Tyre Recovery Association celebrates tenth anniversary

Among the TRA’s key achievements in the past ten years, the organisation has helped to develop a standard for tyre-derived materials (PAS 107), in conjunction with the Environment Agency, BSI and WRAP. It has since added a new Quality Protocol (QP) option to PAS 107, designed to promote sustainable, cost-effective tyre recycling and stimulate further demand for tyre-derived materials. Additionally, its Responsible Recycler Scheme, which now accounts for more than 70 per cent (443,000 tonnes) of the waste tyres arising in the UK annually, is believed to be the biggest voluntary best practice tyre recovery programme anywhere in the world.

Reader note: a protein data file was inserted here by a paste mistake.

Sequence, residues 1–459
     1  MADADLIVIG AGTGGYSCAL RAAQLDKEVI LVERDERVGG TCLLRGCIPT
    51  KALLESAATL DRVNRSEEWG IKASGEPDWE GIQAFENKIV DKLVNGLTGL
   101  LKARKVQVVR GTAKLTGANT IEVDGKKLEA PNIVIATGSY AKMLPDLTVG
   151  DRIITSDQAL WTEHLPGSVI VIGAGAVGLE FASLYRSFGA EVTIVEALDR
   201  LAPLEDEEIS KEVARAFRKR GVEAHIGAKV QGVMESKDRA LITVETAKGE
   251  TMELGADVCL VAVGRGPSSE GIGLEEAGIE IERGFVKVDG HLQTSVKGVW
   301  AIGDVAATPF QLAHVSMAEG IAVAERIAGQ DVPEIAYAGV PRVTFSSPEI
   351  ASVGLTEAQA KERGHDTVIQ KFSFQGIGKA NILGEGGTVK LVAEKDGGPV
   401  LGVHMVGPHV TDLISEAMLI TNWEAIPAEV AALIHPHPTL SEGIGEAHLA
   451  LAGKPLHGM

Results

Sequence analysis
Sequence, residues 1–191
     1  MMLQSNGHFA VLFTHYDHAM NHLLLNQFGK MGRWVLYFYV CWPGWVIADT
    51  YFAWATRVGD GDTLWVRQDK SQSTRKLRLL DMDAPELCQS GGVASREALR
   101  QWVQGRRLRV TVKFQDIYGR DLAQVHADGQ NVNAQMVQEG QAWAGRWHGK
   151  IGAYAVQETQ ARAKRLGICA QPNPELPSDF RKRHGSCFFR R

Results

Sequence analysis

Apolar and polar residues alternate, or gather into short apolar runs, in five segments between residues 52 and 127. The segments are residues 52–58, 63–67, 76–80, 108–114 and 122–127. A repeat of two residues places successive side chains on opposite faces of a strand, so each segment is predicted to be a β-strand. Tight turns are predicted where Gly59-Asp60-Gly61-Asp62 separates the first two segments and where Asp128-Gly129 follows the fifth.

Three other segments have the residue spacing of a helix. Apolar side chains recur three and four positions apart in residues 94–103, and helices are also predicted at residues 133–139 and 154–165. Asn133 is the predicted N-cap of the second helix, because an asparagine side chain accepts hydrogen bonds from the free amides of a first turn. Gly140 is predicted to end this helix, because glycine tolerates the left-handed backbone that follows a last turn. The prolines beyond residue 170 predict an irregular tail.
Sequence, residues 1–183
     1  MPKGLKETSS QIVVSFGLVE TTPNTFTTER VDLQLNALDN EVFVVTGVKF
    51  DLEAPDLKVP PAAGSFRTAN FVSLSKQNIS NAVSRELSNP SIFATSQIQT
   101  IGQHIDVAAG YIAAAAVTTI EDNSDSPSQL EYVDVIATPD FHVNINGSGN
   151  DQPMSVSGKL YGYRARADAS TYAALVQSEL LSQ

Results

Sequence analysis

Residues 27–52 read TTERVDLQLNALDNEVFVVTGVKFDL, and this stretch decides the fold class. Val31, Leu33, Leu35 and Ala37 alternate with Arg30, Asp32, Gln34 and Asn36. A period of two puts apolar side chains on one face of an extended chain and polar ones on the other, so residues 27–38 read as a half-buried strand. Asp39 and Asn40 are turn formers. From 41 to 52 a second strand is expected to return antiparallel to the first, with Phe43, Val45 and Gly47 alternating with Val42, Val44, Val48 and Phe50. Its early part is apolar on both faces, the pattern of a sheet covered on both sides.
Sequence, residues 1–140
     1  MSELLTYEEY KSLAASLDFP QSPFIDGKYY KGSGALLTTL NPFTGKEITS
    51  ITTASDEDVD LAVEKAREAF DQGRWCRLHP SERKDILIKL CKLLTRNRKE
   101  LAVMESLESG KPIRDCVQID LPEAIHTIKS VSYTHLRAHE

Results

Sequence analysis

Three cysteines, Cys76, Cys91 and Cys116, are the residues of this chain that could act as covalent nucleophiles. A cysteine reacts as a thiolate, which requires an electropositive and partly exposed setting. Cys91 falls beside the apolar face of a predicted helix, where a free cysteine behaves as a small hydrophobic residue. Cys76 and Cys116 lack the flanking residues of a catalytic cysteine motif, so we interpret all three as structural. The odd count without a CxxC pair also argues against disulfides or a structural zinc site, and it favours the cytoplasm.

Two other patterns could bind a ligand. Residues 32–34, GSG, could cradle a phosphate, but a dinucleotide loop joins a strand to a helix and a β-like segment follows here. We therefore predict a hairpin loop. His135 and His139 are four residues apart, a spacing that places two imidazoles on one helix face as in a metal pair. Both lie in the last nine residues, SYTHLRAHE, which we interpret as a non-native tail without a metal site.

The organisation encourages continuous improvement in the UK tyre industry’s approach to tyre recovery, not least through its rigorous audit process. All TRA members are audited annually and increasingly, the scope of this audit-based approach is being widened to embrace new areas for audited best practice and raising standards.

“We have made significant strides forward in encouraging the adoption of best practice standards in tyre recovery, and I’m proud of everything that we’ve achieved in the past ten years,” says Peter Taylor, TRA secretary general. “We now see a real sense of professionalism in the industry, boosted by the confidence that comes from seeing just how far we have come over the past decade.

“As the quality of tyre-derived materials improves, demand for these materials will continue to grow. We’re already seeing tyres reprocessed for use in many different areas, including sports and activity surfacing, rubber products, flooring and cement kilns. I look forward to further industry collaboration and progress on tyre recovery in the next ten years.”


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